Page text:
Tort-ally Awesome: Unraveling the Mysteries of Tort Law

Navigating the Tort-urous Terrain: What is a Tort, Anyway?
Apr 2, 2023


Ah, torts – the bread and butter of many a personal injury attorney and the bane of first-year law students everywhere. But what exactly is a tort, and why does it sound like a delicious dessert that's been horribly misspelled? In this article, we'll delve into the fascinating world of tort law, exploring its origins, key principles, and various types (both tasty and otherwise). So, grab a fork and dig in – and don't worry, we promise to keep the legal jargon to a minimum (and the dry humor to a tasteful level).

Tort Law: A Brief (but Delicious) History

The word "tort" hails from the Latin "tortum," which means "twisted" or "wrong." While this may evoke images of a scrumptious pastry, it actually refers to a wrongful act or injury that leads to civil (rather than criminal) liability. Tort law has its roots in English common law, where it developed as a means to provide compensation for individuals who suffered harm at the hands of others.

Over time, tort law has evolved into a complex and multifaceted area of the law, encompassing a wide range of civil wrongs and remedies. Today, tort law serves as a cornerstone of the legal system, providing a framework for resolving disputes and compensating injured parties (and keeping personal injury attorneys gainfully employed). Are you still wondering, "what is a tort?"

The Three Flavors of Torts

Much like a well-stocked dessert cart, the world of torts offers a delectable assortment of options. While torts can be classified in various ways, they are generally divided into three main categories: intentional torts, negligence, and strict liability. Let's take a closer look at each type, shall we?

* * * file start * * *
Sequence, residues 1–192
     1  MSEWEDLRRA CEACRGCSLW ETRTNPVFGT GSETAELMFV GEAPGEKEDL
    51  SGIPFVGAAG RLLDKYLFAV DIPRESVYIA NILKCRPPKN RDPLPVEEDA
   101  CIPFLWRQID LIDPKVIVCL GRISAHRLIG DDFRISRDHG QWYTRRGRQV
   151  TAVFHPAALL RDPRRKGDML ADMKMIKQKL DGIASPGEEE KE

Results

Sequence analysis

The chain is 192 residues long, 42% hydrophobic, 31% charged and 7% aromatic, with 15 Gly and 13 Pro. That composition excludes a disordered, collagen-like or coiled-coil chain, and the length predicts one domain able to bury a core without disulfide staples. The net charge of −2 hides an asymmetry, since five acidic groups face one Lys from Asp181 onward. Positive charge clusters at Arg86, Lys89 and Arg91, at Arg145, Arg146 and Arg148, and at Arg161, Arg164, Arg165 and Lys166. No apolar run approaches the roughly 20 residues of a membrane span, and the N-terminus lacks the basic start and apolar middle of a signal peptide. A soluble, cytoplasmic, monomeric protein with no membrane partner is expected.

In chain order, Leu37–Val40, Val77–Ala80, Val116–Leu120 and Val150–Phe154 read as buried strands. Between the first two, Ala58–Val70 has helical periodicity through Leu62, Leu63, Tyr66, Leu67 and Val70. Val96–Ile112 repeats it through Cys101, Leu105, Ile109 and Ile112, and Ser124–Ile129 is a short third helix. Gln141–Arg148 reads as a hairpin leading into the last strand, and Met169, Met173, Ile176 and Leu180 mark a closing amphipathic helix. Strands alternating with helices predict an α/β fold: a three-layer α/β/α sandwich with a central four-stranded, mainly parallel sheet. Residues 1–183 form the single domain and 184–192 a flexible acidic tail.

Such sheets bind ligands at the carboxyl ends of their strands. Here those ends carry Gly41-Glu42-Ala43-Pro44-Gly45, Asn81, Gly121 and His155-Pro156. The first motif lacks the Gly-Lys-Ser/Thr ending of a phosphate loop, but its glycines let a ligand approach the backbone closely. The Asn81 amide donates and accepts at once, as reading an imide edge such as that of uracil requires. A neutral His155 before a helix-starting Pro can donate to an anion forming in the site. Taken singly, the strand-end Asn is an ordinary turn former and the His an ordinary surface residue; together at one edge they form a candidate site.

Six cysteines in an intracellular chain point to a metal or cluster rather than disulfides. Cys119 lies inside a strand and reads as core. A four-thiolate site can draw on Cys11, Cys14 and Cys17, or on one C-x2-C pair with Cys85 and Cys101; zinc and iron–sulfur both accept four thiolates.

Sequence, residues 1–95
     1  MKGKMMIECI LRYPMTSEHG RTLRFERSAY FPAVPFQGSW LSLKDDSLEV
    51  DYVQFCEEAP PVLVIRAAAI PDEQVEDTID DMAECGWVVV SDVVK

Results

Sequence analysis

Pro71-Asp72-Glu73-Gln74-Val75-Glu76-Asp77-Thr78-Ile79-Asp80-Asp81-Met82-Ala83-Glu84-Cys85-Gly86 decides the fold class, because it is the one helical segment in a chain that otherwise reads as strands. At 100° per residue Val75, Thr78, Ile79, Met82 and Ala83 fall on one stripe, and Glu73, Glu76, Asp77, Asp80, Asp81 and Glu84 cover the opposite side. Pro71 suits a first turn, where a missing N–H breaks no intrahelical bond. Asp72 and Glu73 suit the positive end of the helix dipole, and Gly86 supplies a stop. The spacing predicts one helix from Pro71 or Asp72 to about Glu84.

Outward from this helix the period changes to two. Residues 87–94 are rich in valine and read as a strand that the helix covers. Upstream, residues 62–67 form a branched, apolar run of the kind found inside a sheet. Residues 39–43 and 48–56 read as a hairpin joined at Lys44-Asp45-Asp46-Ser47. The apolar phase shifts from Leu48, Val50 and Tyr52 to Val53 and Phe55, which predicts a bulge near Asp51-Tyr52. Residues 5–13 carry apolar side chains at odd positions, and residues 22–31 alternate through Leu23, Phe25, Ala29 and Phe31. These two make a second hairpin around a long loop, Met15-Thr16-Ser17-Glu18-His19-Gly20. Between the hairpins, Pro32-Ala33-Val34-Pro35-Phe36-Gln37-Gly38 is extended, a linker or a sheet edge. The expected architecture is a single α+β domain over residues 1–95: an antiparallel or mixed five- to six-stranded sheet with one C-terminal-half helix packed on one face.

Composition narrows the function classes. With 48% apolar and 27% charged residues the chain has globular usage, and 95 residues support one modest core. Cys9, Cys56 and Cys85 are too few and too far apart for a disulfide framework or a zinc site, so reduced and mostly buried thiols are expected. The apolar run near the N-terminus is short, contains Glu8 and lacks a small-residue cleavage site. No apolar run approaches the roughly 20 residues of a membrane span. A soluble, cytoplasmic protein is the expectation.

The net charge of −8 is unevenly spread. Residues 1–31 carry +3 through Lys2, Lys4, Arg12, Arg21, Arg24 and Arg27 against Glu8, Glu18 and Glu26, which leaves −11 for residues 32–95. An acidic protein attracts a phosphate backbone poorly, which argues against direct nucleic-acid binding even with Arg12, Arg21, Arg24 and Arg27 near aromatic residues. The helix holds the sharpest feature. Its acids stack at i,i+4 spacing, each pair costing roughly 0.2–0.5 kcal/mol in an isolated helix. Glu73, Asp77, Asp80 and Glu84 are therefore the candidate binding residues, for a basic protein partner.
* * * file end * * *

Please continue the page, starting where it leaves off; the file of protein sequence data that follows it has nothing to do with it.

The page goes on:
1. Intentional Torts: As the name suggests, intentional torts involve deliberate acts that cause harm to another person. Examples include assault, battery, false imprisonment, and intentional infliction of emotional distress. In other words, if you intentionally throw a pie in someone's face, you might find yourself on the hook for an intentional tort (not to mention a waste of a perfectly good dessert).
  2. Negligence: This is perhaps the most well-known (and litigated) category of torts. Negligence occurs when a person fails to exercise reasonable care, resulting in harm to another party. To prove negligence, a plaintiff must typically establish four elements: duty, breach, causation, and damages. So, if you're too busy daydreaming about cake to notice the banana peel on the floor, and someone slips and gets injured, you could be found negligent (and maybe a little clumsy).
  3. Strict Liability: In certain cases, a person can be held liable for harm caused to another party, regardless of intent or negligence. Strict liability typically applies in situations involving inherently dangerous activities or defective products. For example, if you decide to host a wild animal tea party and one of your guests is injured by a wayward tiger, you could be held strictly liable (and perhaps questioned about your choice of party entertainment).

Tort Law: The Ingredients for a Successful Claim

While torts come in many shapes and sizes, they share some common ingredients that are essential for a successful claim. These include:

  1. Duty: In tort law, duty refers to the legal obligation that one party owes to another. For example, a driver has a duty to operate their vehicle safely to avoid causing harm to others on the road.